Likewise, the tension between faith and works only exists in a Christian’s life when he is broken, when there is some disconnect between his identity and his function. Although your salvation is independent from your good works, it is not unrelated. A Christian who claims salvation, claims the identity, while not upholding the function is a broken Christian, half a Christian in the same way that I now have half a door. It doesn’t mean he isn’t saved, but it does mean he isn’t good for very much and might as well not be a Christian at all, in the same way that my broken door might as well be part of the wall. On a fundamental level, you cannot separate your being from your doing. You are both, and if there is ever a disconnect between them, that is a symptom of a very serious spiritual fracture that only the intervention of God can heal.
As I close, let me put two thoughts into your head. The first is a plea not to confuse “good works” with “avoiding sin.” Many Christians, myself included, find ourselves crushed by the inability to overcome a certain sin, and we feel as if this makes us a bad Christian. You must understand: Christ has paid for all your sins, past, present, and future. “There is now therefore no condemnation for those who are in Christ Jesus” (Romans 8:1). Your sins have nothing to do with this discussion. God will purify you from the inside in his good time; you cannot simply choose to stop sinning, because the whole reason you need salvation is that your spirit is not strong enough to stop sinning when it pleases. His Spirit is, and you will be cleansed whenever his Spirit decides to show up. “Doing good deeds” is totally different from “avoiding sins.” God is talking about going out of your way to show his love in very deliberate ways, to trust him in new ways, to take risks for him, to serve in his body. That is a “good work” of the kind of speaks about.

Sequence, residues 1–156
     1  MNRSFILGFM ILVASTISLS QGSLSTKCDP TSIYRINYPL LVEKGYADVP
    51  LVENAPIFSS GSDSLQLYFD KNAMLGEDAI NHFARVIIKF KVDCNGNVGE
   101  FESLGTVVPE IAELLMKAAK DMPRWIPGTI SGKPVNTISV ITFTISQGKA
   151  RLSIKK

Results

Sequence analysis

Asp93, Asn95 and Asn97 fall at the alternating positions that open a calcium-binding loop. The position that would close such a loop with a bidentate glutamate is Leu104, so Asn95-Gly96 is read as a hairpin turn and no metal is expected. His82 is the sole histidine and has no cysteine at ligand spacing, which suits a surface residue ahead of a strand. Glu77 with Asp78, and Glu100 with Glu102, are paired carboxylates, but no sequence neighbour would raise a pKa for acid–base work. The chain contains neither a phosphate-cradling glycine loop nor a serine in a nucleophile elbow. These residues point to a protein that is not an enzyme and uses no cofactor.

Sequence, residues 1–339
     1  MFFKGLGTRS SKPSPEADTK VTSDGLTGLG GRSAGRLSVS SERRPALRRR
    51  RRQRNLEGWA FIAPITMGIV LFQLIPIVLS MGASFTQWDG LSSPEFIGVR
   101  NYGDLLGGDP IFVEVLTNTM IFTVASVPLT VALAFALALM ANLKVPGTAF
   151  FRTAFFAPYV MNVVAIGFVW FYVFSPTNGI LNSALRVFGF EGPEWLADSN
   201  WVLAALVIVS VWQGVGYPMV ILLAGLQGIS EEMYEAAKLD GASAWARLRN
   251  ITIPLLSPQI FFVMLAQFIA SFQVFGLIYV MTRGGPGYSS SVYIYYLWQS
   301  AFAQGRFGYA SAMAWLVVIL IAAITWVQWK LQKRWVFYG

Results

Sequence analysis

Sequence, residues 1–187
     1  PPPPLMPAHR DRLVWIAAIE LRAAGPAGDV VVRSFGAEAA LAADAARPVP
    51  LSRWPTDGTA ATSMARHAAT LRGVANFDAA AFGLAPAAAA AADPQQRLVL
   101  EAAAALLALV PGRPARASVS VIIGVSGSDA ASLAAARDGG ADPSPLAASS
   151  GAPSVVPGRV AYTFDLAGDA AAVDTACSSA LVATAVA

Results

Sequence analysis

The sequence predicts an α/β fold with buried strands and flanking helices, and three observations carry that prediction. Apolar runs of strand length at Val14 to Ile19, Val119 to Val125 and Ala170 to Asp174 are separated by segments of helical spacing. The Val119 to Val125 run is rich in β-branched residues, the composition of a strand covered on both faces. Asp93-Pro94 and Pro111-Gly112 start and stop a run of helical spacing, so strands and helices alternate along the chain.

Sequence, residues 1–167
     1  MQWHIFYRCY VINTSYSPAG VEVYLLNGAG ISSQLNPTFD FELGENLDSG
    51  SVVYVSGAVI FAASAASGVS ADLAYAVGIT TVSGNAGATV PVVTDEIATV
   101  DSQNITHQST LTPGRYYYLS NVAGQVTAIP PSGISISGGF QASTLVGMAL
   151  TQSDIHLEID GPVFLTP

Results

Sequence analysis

The second thought is that you may be wanting to know what kind of good works you should do. The answer is that I can’t tell you because I didn’t plan them out for you. Ephesians 2:10 – literally the next verse after Paul explains that salvation is by grace through faith alone – he adds, “We are God’s workmanship, created in Christ Jesus to do good works, which he has prepared in advance for us to do.” Did you catch that? God has already planned good works for you. He’s already created the people who you’re going to minister to, already overseen the needs you’re going to meet, even kept other people from meeting those needs because he’s saving that spot for you. If you’re serious about doing good deeds, pray hard that God will show you the good works he created in advance for you to do. Then, keep praying as you go through the day, and when you see any good deed you can possibly do, pounce on that like a lion on a three-legged antelope. Make sure there is no disconnect between who you are and what you do.
Also, as a final aside, be on the lookout for the spiritual significance in the small things throughout your day. Who knew that a broken door could prompt a lengthy essay on faith and works? “In all things” – no matter how tiny – “God works for the good of those who love him, who are called according to his purpose” (Romans 8:29).
Jim Barringer is a writer, musician, and teacher serving at The Church of Life (.com) in Orlando, FL. More of his work can be found at facebook.com/jmbarringer.